“The First Date” is a highly unique and entertaining horror comedy anthology that makes up for its budget limitations with great creativity and endless fun
Emma is looking for love. She’s tried dating sites, hookups with friends-of-friends, and bar hops — but with no luck. Her most recent venture, though, brings her to the home of an avid movie collector. She’s initially wary going to someone’s house on the first date, but Emma starts to enjoy the many horror-inspired shorts The Collector plays for her. Will she find love, or will she regret staying for the credits?
Fair warning, The First Date was made on a micro budget of $10,000, and this is very obvious throughout the entire movie.
From the second I turned it on, it almost looked like the start of some kind of porn video. A lot of the acting is mediocre at best. Scene transitions look like they were made with PowerPoint. Credits and title cards appear on the screen as if they were made with the WordArt elementary school kids like to use for science fair projects. And most annoyingly, the sound is inconsistent (“popping” in narration, score stopping randomly, erratic volume changes, etc.).
That being said, I absolutely loved this movie.
We get eight different short films, all with wildly differing storylines — from a demented kid’s storybook show, to a secret government experiment, to an old-timey silent feature and a walkthrough from a live-action video game. There are twists and turns and even some breaking of the fourth wall. And all of this is wrapped up nicely into the main storyline with Emma and The Collector.
I had two specific shorts I really loved: “Johnny Justice” and “Denizen Nefarious.”
“Johnny Justice” revolves around a super-villain, Dr. Devastation, and his battle with the short’s namesake, hero Johnny Justice. This story involves a genuinely cool twist about the lives of these super-people in this TV-inspired short.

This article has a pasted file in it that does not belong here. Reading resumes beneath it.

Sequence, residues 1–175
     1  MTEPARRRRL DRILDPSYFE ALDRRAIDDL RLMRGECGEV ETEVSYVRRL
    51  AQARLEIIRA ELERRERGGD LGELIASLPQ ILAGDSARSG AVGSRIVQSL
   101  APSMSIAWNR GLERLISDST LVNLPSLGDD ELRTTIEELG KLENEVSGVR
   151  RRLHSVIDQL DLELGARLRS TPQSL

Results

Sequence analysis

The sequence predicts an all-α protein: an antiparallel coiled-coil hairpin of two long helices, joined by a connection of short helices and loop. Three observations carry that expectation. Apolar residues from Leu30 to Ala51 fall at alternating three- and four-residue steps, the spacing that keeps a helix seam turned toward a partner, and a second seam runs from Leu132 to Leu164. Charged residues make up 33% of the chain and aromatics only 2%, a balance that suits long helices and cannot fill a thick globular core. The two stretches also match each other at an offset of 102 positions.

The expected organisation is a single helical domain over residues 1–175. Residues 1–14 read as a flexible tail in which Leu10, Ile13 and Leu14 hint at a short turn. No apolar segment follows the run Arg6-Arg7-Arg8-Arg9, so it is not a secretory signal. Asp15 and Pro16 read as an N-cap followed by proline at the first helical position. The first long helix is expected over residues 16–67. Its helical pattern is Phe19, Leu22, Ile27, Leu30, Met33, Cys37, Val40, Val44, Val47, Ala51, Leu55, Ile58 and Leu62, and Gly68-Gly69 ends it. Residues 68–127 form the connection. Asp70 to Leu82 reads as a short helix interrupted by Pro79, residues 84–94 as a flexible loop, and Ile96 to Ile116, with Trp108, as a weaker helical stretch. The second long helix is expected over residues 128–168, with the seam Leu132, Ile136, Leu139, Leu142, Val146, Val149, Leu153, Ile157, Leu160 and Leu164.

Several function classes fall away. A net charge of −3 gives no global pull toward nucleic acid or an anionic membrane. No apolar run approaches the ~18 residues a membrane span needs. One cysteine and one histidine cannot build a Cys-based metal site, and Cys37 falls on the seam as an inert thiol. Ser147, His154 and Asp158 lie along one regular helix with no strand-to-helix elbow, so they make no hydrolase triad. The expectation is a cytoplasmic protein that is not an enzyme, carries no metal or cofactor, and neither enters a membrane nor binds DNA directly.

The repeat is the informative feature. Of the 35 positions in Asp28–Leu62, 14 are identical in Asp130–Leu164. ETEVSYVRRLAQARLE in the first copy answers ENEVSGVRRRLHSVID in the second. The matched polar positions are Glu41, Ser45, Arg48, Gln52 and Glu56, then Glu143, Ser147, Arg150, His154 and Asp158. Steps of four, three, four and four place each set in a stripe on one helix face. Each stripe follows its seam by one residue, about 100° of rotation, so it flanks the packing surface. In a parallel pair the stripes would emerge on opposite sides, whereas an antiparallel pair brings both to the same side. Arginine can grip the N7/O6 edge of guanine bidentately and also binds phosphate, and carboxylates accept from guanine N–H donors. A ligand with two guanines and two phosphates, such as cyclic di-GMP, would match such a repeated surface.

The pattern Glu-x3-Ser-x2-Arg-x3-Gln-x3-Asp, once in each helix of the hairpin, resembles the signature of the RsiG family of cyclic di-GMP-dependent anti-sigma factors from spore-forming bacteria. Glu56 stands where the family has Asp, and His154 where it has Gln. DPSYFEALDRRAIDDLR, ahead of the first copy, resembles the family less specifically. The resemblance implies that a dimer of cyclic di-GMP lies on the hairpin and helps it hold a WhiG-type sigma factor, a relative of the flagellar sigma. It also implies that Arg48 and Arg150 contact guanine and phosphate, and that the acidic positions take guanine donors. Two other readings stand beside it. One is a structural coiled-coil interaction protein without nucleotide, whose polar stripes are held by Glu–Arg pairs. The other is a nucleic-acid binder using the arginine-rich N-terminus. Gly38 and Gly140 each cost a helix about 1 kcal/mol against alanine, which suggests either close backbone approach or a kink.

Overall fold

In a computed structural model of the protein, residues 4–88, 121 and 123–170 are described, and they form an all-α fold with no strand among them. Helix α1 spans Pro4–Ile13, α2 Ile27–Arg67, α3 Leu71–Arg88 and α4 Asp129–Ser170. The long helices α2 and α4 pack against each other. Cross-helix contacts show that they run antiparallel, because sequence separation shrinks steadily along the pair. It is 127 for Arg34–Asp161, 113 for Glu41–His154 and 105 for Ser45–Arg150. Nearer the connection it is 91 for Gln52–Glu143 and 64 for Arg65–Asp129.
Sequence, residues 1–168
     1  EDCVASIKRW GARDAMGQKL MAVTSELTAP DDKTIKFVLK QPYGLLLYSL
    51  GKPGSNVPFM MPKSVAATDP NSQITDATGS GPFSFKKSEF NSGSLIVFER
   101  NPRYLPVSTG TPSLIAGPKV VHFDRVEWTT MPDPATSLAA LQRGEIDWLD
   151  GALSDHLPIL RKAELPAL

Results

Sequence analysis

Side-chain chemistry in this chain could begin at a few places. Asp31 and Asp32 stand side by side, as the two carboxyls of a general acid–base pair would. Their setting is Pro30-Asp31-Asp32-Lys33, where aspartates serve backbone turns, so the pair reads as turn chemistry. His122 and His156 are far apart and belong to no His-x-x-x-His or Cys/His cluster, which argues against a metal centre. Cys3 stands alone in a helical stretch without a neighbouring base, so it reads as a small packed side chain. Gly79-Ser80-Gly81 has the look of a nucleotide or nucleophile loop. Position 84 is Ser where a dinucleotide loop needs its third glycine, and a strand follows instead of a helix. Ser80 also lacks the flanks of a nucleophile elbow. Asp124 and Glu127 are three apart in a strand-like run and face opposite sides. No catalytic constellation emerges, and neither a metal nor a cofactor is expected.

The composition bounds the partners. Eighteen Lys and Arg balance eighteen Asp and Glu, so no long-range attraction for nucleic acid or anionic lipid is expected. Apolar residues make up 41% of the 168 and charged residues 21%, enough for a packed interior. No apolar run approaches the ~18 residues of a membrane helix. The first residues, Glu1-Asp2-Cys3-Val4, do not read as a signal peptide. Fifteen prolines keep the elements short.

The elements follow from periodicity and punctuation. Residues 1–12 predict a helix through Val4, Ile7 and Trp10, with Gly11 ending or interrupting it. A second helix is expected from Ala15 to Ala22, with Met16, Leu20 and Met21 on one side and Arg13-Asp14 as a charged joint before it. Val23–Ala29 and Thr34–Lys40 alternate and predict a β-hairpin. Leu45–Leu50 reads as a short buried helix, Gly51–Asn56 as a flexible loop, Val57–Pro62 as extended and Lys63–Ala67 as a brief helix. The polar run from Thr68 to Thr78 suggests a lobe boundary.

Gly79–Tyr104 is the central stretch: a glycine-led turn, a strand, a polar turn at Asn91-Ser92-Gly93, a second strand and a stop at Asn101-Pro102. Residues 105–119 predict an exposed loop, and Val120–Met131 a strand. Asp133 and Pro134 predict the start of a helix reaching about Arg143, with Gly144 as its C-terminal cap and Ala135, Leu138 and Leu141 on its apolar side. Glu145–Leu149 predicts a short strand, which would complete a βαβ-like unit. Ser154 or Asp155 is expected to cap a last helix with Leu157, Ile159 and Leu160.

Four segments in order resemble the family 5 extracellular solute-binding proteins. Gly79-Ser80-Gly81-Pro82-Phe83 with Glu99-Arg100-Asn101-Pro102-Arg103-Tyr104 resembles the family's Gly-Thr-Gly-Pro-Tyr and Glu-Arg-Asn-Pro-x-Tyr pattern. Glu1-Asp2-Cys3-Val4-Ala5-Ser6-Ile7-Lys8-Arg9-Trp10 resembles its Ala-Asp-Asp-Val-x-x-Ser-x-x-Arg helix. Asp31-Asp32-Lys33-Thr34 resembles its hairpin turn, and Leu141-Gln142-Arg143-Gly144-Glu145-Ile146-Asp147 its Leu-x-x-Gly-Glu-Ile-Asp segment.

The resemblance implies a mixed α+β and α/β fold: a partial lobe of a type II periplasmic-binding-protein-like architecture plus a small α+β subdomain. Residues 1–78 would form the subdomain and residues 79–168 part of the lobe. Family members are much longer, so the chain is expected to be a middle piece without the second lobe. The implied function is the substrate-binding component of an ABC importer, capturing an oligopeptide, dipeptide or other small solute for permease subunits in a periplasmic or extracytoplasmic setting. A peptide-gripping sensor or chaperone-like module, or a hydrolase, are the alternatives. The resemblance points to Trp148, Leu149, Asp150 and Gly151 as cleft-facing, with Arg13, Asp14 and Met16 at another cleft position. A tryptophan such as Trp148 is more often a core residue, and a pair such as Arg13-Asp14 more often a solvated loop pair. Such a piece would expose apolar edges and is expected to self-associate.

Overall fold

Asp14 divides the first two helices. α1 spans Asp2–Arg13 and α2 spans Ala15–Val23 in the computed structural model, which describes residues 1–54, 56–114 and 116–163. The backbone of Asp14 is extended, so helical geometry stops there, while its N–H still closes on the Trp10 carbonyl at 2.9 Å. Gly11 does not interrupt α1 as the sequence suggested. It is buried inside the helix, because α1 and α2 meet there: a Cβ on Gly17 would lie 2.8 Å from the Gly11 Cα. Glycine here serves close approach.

“Denizen Nefarious” has a creative side to it too, not unlike “Johnny Justice”. The audience is featured as Player 1 as we guide our character, Jim Bluefield, in finding his partner and solving the evil mystery that is Denizen Nefarious. It’s all live-action, but the title screens and choppy walking the actors do give a game-like feel that we can all appreciate.
Then the movie cuts to a “commercial” from the filmmakers themselves (The September Brothers, Michael Buttino & Golden Groves). They describe how working with micro budgets doesn’t allow for all the glitz and glam that bigger studios have, but that doesn’t stop passionate filmmakers from making movies.
It hit me that I shouldn’t be judging this too harshly; After all, I was having a fantastic time watching all of the shorts. It’s true, independent filmmakers have a hell of a time working with the smallest of small budgets. Perhaps they can’t get the best actors or location. And it wouldn’t be smart to use a $5,000 camera when it’s literally half your budget.
I have the sneaking suspicion that this film was made by a group of friends in their own neighborhood.That’s OK though, because strangely enough, it makes me feel more connected to the characters. I can tell they were having fun making this, and I was certainly having fun watching.
So, is The First Date one to watch? Yes, totally.
You shouldn’t go in expecting high-tech effects and jump scares galore, but rather endless laughs you can share with a group of your best friends. It’s not the scariest thing in the world; as a matter of fact, I didn’t find any of it scary. But it is one that horror fans can appreciate for its dedication to delivering entertaining films.
Even if you can’t donate “thousands of dollars a day” to independent filmmakers as the September Brothers so charmingly requested, you can still do them a solid and watch a movie or two. You won’t regret it.